Nassau County, N.Y., is establishing steps to improve its system of residential assessments, which in the past has forced the county to engage in costly borrowing.
For more than a decade, the county, which covers Long Island suburbs just east of New York City, has required homeowners and commercial property owners to pay their property taxes before settling tax grievances under the Small Claims Assessment Review system.
The past failure to settle these disputes before the county issued tax bills meant Nassau had to borrow more than $1.3 billion to pay for tax refunds over the past decade, according to County Executive Edward Mangano. That, he said, has cost taxpayers $250 million annually.
“We inherited an assessment system that was dysfunctional in every way,” said Mangano, who was elected executive in 2009. He said he will coordinate the effort with an administrative review team consisting of Shalom Maidenbaum, Paola Orsini, Bob Orisz and William Wise.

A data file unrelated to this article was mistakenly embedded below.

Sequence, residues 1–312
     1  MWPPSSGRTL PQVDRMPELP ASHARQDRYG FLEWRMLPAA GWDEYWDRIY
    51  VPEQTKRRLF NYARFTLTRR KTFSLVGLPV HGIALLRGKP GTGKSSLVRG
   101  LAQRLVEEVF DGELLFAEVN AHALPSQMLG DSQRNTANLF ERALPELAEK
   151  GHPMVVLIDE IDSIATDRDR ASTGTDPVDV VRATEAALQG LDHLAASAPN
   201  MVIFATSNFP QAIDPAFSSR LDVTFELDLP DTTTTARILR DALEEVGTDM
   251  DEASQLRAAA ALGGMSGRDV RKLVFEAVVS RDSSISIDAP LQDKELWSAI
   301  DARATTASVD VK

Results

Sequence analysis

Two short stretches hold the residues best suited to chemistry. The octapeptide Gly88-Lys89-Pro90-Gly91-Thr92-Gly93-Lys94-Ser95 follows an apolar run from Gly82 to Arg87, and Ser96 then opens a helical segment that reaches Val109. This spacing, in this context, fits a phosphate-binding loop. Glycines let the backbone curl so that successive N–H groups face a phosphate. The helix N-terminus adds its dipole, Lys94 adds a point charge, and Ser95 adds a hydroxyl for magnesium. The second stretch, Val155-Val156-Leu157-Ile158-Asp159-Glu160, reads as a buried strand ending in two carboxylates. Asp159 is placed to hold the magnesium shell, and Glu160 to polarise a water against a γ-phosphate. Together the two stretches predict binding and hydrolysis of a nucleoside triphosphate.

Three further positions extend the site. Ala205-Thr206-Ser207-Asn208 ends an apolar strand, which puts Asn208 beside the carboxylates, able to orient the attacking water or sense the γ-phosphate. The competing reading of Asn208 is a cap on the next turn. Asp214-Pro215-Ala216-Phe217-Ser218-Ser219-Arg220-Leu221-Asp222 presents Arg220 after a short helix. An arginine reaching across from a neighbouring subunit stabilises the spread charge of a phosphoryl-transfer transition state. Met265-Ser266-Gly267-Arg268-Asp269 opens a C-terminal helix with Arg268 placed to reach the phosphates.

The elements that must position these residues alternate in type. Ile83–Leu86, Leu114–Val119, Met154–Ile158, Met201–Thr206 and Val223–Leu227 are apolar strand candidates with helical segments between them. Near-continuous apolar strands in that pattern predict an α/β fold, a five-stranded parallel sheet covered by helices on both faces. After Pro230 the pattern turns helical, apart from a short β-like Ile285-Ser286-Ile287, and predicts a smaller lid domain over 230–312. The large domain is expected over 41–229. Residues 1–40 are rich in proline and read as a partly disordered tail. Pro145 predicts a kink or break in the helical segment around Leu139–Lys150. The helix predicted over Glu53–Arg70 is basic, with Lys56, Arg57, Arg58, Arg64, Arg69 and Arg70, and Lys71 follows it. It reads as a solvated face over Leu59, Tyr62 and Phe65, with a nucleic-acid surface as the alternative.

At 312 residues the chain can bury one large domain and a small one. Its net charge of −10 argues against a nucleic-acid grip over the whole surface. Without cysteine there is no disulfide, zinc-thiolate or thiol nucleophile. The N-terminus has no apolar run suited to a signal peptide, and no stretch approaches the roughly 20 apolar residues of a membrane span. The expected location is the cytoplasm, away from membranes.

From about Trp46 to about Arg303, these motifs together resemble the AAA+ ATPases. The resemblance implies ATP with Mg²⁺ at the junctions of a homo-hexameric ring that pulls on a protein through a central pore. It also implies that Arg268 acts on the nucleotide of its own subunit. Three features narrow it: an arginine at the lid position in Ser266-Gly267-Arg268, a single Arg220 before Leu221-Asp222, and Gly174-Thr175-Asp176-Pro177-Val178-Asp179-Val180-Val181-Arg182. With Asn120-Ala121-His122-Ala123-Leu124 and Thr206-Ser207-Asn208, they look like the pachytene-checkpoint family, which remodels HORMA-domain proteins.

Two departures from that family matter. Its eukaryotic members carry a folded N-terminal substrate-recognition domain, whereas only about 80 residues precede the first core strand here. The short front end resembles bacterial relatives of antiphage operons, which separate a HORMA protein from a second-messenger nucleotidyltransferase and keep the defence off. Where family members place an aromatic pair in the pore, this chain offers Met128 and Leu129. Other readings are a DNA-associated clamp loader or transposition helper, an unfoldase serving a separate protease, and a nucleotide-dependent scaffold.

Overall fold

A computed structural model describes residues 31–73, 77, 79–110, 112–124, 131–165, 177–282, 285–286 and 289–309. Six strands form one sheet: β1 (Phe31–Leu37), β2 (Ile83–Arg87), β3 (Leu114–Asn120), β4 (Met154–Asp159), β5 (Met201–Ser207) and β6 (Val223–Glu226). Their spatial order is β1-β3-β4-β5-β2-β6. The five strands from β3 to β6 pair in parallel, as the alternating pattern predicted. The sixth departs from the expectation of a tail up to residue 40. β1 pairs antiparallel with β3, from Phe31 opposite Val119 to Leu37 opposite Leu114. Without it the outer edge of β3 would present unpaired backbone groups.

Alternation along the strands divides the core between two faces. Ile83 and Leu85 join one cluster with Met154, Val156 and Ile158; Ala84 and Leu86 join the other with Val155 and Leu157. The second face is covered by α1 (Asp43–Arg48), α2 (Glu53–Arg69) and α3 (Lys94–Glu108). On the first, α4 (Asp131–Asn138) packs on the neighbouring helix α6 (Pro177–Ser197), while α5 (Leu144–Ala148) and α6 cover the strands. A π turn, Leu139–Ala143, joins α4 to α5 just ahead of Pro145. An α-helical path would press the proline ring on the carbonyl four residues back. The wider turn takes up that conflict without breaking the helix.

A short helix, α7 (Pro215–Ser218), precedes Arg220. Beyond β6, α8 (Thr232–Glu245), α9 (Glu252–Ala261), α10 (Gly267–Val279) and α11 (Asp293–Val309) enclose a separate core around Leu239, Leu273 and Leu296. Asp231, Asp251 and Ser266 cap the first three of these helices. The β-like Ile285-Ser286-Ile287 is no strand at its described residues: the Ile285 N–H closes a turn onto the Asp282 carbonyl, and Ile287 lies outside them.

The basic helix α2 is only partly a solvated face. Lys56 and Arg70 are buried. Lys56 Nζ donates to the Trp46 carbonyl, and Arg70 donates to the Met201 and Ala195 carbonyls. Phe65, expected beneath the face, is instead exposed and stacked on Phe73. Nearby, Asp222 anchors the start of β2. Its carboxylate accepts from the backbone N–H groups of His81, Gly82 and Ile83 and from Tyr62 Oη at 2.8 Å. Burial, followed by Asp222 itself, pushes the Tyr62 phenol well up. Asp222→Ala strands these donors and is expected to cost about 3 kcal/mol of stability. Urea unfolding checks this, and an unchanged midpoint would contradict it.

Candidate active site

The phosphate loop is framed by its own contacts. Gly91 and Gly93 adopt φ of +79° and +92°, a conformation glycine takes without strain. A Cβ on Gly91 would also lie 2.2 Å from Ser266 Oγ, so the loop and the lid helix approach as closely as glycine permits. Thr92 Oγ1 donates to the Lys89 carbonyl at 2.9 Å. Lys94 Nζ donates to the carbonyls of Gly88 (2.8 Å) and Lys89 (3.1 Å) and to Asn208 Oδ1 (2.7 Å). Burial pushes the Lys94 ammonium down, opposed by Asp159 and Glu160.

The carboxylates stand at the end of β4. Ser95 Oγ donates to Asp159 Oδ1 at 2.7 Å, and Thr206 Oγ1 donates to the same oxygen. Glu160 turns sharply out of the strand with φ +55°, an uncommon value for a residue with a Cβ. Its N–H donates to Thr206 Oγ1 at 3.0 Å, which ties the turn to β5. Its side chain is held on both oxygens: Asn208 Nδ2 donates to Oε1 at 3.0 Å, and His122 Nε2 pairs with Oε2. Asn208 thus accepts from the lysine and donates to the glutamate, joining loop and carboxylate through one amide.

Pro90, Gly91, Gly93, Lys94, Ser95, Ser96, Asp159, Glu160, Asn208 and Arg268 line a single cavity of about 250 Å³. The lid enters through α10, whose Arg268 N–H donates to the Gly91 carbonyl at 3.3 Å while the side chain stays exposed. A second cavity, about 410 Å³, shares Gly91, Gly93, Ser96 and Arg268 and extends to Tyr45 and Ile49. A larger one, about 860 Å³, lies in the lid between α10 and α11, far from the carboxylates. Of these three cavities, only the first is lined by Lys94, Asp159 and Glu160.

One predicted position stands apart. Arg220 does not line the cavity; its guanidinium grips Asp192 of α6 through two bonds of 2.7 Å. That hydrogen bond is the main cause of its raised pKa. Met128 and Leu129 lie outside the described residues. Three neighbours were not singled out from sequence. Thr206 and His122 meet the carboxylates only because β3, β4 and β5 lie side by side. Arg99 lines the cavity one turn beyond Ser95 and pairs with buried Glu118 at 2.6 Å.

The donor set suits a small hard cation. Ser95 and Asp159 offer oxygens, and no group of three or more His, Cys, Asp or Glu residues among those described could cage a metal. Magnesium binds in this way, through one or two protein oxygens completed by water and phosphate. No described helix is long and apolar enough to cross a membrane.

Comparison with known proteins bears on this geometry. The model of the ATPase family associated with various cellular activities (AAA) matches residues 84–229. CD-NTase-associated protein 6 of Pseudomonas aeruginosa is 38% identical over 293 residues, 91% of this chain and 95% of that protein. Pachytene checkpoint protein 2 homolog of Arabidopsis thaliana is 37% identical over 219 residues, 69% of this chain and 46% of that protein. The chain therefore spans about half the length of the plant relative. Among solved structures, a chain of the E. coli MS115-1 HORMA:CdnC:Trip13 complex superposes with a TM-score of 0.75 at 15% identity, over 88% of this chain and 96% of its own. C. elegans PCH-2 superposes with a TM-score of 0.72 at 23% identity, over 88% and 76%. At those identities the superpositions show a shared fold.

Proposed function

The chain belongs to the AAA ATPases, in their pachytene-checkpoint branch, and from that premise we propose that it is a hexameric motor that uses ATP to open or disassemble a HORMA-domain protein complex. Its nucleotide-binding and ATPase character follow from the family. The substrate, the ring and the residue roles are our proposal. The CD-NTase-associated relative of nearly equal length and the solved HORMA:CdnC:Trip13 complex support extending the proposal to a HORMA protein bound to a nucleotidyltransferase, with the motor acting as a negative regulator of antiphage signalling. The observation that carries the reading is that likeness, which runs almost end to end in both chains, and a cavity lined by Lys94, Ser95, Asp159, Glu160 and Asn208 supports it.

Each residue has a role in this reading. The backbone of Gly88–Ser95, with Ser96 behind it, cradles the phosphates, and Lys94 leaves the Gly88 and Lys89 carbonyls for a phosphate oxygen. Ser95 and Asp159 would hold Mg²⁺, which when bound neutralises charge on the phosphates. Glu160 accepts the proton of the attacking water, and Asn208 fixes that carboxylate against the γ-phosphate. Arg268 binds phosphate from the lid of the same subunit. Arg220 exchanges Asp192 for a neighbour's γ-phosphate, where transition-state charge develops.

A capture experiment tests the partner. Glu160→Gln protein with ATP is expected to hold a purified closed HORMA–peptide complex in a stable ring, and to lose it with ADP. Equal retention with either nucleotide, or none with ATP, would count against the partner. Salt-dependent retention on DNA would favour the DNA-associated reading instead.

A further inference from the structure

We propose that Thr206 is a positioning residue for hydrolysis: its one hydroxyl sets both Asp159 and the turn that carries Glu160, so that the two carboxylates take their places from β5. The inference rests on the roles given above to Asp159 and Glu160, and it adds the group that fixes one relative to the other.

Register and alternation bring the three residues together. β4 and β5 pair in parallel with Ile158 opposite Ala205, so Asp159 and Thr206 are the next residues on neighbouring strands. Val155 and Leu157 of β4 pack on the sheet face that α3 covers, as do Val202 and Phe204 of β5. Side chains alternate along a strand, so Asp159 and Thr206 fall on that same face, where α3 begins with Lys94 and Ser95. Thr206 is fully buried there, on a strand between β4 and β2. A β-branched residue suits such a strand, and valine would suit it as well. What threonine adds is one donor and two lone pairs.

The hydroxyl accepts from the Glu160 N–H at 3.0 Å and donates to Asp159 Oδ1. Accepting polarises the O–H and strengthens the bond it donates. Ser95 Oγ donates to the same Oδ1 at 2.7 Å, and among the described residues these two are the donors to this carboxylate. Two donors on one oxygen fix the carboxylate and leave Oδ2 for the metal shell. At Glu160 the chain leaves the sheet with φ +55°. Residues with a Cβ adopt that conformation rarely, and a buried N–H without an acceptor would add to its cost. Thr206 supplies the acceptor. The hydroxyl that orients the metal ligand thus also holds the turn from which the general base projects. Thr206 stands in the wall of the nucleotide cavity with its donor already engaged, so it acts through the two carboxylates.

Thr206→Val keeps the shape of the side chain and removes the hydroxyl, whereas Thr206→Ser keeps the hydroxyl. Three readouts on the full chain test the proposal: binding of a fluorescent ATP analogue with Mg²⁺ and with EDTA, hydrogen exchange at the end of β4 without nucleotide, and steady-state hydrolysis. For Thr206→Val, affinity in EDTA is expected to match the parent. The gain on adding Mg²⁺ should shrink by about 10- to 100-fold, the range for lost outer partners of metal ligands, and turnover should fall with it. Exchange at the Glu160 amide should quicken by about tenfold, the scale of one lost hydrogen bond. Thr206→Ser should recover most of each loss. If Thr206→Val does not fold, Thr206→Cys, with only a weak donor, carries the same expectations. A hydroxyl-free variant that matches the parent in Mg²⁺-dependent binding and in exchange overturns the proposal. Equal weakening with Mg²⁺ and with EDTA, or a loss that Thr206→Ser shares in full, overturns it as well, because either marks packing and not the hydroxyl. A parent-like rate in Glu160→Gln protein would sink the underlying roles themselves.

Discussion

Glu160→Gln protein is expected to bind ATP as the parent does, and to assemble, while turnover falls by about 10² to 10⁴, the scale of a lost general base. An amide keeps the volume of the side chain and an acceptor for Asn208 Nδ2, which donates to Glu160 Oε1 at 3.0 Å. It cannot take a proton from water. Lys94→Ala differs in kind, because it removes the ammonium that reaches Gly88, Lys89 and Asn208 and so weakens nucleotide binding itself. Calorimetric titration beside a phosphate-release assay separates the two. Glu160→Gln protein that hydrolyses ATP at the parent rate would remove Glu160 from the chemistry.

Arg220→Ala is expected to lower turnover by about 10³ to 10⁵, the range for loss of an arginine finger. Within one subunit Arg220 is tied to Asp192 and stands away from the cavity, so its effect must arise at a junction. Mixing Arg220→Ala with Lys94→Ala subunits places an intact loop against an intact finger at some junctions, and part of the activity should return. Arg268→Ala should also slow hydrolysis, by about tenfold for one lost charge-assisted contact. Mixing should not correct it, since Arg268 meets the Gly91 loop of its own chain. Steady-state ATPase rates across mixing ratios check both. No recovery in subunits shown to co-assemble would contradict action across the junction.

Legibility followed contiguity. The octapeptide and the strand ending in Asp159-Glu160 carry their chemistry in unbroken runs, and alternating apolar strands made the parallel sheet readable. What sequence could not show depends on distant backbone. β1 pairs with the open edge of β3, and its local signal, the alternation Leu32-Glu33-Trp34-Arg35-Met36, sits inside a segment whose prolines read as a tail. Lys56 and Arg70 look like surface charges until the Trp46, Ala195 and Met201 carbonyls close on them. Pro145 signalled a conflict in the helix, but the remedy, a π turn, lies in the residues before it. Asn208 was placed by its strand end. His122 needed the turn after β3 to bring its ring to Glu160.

Also this week, Nassau Comptroller George Maragos said audits of the assessment department’s and county attorney’s handling of the process also found a $35 million improvement in 2010 over 2009.
But Maragos also cited “significant operational weaknesses” that need correcting. They included inadequate internal controls that resulted in the county receiving a $1.2 million tax bill for the county executive and legislative building, inconsistency in data collections that compromise fair appraisal, and inadequate documentation of reductions in assessed valuations.
Maragos’ review also found that the new methods used to determine residential values for the 2012-13 tentative roll corrected some “significant past errors,” but inaccuracies still exist as market conditions increased the inequity by shifting valuations to mid-tier properties.
The comptroller found high-end property valuations inconsistent and manual errors commonly causing arbitrary and unexplained reductions or increases in property values.
The county is under the oversight of the Nassau Interim Finance Authority, which imposed fiscal control in January. Three weeks ago, Mangano submitted a $2.6 billion budget for fiscal 2012, which he says would eliminate a $310 million deficit.
For several months the county and NIFA have disputed how best to close the gap. “The county is moving in the wrong direction,” a NIFA report said in July.
Nassau is rated A1 by Moody’s Investors Service, A-plus by Standard & Poor’s and AA-minus by Fitch Ratings.